Yale University Professor Steven Smith has written a new book on the thought of Leo Strauss, Reading Leo Strauss: Politics, Philosphy, Judaism. Clifford Orwin reviewed it favorably in the May issue of Commenatary; Orwin’s review isn’t available online, but my friend Bruce Sanborn summarizes it in this post at The Remedy. The virtue of Orwin’s review is that it is based on deep knowledge of the book’s subject.
Tomorrow’s New York Times Book Review carries Robert Alter’s review of Smith’s book. Like Orwin, Alter speaks favorably of the book. Unlike Orwin, however, Alter doesn’t know what he’s talking about. Alter says of Strauss, for example:
His first book was on Spinoza, and he subsequently devoted scrupulous, often maverick, studies to major figures of political philosophy from Plato and Maimonides to Machiavelli, Hobbes and the framers of the American Constitution.
Alter’s familiarity with Strauss’s work appears to be faked; I believe that Strauss himself wrote virtually nothing — let alone a “study” — about the framers of the Constitution. His reference to the Declaration of Independence in the introduction to Natural Rigtht and History and his writings about Locke may be the closest he came to the thought of the framers.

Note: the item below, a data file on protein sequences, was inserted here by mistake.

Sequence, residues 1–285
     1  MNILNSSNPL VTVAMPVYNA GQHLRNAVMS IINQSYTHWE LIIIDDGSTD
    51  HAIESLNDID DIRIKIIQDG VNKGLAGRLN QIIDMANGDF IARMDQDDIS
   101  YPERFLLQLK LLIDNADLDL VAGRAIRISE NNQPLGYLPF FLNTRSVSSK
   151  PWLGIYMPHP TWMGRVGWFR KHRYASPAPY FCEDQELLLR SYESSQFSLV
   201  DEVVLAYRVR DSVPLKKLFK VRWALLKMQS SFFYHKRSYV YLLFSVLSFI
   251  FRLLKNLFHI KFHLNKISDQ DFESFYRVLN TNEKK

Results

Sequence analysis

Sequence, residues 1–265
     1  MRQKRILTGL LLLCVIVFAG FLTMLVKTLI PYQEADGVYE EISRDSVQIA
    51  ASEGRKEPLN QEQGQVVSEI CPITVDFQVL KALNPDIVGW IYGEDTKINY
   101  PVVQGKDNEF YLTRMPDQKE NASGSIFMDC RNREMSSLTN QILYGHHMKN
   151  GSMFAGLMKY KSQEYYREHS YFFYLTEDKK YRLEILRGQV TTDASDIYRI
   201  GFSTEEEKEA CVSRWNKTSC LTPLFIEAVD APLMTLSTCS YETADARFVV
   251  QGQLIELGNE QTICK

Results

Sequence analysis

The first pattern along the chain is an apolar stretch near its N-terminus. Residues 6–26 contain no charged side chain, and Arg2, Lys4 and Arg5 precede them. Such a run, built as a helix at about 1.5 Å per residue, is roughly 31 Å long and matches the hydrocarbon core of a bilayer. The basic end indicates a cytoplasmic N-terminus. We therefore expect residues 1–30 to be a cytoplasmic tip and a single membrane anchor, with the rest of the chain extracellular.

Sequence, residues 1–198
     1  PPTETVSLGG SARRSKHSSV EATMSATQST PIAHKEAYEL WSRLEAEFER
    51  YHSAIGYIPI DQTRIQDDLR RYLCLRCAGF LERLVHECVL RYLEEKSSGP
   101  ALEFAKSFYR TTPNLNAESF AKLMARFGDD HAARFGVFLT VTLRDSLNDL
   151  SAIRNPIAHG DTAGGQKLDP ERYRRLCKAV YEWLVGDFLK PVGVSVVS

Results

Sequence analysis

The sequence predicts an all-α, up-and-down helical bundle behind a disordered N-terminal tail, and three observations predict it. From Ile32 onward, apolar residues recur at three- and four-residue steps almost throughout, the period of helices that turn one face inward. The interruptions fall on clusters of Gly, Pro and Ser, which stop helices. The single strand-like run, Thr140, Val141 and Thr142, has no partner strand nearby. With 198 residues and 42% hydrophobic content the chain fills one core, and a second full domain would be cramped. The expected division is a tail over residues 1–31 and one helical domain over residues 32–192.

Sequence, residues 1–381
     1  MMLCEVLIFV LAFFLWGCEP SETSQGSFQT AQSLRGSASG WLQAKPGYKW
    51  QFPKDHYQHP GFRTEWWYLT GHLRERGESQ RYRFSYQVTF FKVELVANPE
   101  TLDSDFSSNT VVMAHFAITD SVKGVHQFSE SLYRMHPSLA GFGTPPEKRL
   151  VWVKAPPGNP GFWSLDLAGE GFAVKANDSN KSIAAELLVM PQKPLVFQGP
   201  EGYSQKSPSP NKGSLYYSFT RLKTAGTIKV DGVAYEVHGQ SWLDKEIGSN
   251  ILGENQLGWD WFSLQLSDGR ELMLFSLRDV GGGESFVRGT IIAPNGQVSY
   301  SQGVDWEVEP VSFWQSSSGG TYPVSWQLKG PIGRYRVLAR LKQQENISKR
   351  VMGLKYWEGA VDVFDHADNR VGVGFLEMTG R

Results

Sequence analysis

Smith devotes the longest chapter of his book to “Strauss’s America.” He asks: “What did Strauss think of his adopted country?” He observes: “Paradoxically, Strauss has relatively little to say directly about the American regime, although his writings have helped to generate an important body of literature on the founding period and other critical turning points in American politics.” Smith cites the work of Harry Jaffa, Charles Kesler, Ralph Lerner, Harvey Mansfield, and Herbert Storing. Given Strauss’s silence on the framers and the founding, Smith uses Strauss’s “judgment on Locke” to infer Strauss’s “judgment on America.” He notes: “Strauss is silent about the development of Lockeanism in American politics…” (Smith also takes a stab at teasing out Strauss’s view of the relation between Machiavelli and the American founding from Strauss’s introduction to Thoughts on Machiavelli.)
Alter crudely turns his praise of Strauss and Smith to immediate political purposes. According to Alter, Strauss “repeatedly argued against the very idea of political certitude that has been embraced by certain neoconservatives.” Alter himself sounds a little too much in love with his own certitude for a guy who doesn’t know what he’s talking about.